A lawsuit seeking to throw out the results of May’s board election in the West Metro Fire District has failed.
The suit, filed June 2 by District 3 candidate Clyde Wadsworth and District 2 candidate Devin Howard, both of whom lost their respective races, and the Colorado Union of Taxpayers, claimed the ballot-counting process violated citizens' right to a secret ballot.
The plaintiffs said voter information was left attached to ballots. Election watchers for the two candidates in the lawsuit said sticky notes bearing names of voters were left on the outside of numerous ballots.
Yet in his ruling against the lawsuit on July 24, District Judge Stephen Munsinger said there was no evidence that any election judge or official attempted to find out how certain voters cast their ballots.
“To show a constitutional violation of this provision, plaintiffs must show that election judges, in fact, affirmatively discovered electors’ votes,” Munsinger wrote. “Plaintiffs have failed to show that any election judge, designated election official, or any assistant to an election judge or official, affirmatively discovered the vote of any elector.”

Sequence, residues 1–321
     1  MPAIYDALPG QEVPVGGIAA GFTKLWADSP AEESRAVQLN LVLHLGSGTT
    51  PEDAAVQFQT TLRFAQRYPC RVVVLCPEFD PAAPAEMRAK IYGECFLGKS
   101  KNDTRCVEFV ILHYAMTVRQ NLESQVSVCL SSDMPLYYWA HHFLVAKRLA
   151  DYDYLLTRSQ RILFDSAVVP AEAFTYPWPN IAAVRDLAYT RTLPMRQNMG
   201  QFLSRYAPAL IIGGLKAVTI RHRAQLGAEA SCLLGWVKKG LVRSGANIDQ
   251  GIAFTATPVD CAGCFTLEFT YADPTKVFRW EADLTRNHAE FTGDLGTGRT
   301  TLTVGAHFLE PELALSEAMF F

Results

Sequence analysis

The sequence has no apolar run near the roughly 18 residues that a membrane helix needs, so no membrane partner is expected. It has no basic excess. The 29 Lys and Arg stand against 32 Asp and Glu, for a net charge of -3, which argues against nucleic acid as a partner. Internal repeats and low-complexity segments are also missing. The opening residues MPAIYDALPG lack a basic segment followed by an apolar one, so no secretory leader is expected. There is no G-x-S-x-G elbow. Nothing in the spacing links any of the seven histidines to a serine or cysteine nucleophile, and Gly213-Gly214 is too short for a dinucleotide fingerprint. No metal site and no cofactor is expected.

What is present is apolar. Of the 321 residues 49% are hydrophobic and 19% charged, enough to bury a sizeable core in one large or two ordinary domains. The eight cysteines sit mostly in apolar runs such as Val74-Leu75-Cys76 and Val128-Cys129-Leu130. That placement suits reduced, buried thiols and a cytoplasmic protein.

In its briefings for the lawsuit, West Metro said the massive voter turnout complicated ballot counting. More than 34,000 ballots were cast, compared to 5,249 in the 2006 election, which also had a TABOR question.
West Metro also cited complications with duplicate ballots being mailed to voters and underage residents receiving ballots.
“It’s outrageous. I guess the judge doesn’t feel the constitution is the law. (Munsinger) is going to decide the law on his own,” said Gregory Golyansky, president of the Colorado Union of Taxpayers.
Golyansky said his group was looking at appealing the decision, along with other legal options.